Sandi and Jen interview Reut Schwartz-Hebron. Reut Sandi and Jen discuss how accountability interacts with neuroscience and how that affects work and life. Reut trains and supports coaches, consultants, and HR leaders to complete their Certification in Applied Neuroscience.
Sandi interviews her co-host, Jen about her new book: Own Up! How to Hold People Accountable without all the Drama. Jen and Sandi talk about what is in the book and go through the Six Ownership Steps model of Accountability™ for Mangers and Leaders.
Workplace Accountability: Strengthen Your Organization with these Tactics
How do we hold people accountable?
This is the overarching question that most organizations struggle with. A lack of workplace accountability is typically the result of tolerated behaviors that become an organization’s culture.
On the podcast, we’ve been talking about strategic planning, nailing your positioning, and effectively communicating with your team. Accountability is the next step because once you’ve done the planning, it’s all about putting that plan into action.
Most executives are fairly good at the action part: driving the results with the organization is what they’ve been trained to do their entire career. However, it’s important to consider the quality of those results because that’s where there’s room for improvement.
A couple of really big indicators in an organization suffering from workplace accountability issues are low employee engagement, poor performance results, and turnover in top talent. There’s an overall dissatisfaction, either about the work, or the work environment, or both. That doesn’t mean it’s everyone, and it doesn’t mean that it’s all the time, but it’s a significant number of people to impact the business negatively.
What is Workplace Accountability?
It’s used as a giant catch-all word. So let’s identify what we really want.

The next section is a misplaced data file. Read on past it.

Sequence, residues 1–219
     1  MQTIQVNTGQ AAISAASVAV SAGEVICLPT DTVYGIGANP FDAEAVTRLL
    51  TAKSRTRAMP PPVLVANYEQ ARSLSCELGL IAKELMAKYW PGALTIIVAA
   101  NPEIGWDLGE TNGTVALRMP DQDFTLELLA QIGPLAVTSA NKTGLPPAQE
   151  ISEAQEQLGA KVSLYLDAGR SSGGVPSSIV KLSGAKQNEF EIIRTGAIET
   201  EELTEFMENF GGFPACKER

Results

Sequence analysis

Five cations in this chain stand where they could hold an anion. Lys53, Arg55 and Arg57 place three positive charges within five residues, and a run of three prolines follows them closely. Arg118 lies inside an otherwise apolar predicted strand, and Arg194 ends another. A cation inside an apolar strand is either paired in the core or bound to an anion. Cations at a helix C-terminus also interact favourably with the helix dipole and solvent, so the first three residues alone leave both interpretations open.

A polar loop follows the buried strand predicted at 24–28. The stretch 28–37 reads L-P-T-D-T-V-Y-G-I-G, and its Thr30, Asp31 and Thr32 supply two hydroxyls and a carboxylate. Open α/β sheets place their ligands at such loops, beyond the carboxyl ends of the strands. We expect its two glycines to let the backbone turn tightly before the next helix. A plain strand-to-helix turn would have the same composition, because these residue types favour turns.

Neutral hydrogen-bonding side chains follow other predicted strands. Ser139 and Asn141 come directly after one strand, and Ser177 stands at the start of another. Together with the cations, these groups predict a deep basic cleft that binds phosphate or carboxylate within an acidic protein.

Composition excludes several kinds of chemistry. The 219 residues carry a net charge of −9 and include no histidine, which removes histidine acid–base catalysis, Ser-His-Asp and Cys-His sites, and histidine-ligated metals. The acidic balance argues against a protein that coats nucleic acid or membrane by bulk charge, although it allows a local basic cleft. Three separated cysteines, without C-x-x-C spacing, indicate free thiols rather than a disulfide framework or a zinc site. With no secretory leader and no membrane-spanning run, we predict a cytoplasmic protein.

If you can’t do accountability, you can’t manage, let alone lead. Workplace accountability is often used in the corporate environment to describe whatever is missing, or what’s needed. You might hear:
“If we had more accountability from the IT team, this project would be further along.”
Everybody points to accountability. Everyone usually agrees with these statements, but they don’t take time to understand what that means or come up with a meaningful and consistent plan to address it as well as sustain it.
Unfortunately, what is usually behind the request or demand for accountability is results, fast. It’s often used as a threat. When used this way, accountability becomes the stick to punish, as opposed to a useful tool to guide and protect everyone on the team. Holding someone accountable is not a punishment. Accountability is not punitive.
Accountability is an act of clarity. It’s only outcome is clarity around ownership of either actions or inactions and the associated choices behind those actions or inactions. This is why we want accountability; we want the clarity of ownership of responsibility.
However this also means we have a firm grip on idea and use of consequences because they’re inextricably linked. Without them, there is no workplace accountability.
Indicators of Low Workplace Accountability
What does employee engagement have to say about accountability?
Here’s an example:
On your team, there’s one employee who consistently shows up without getting the work done that they commit to between meetings. So the rest of the team pitches in to get things done. After some frantic make-up work, the job is completed and everybody can move forward. Maybe the first time it’s okay and everybody’s happy because it’s done. But, if it happens time and time again, the team starts to get disappointed, probably annoyed. Still, the team might not make any changes, and they continue to move through it.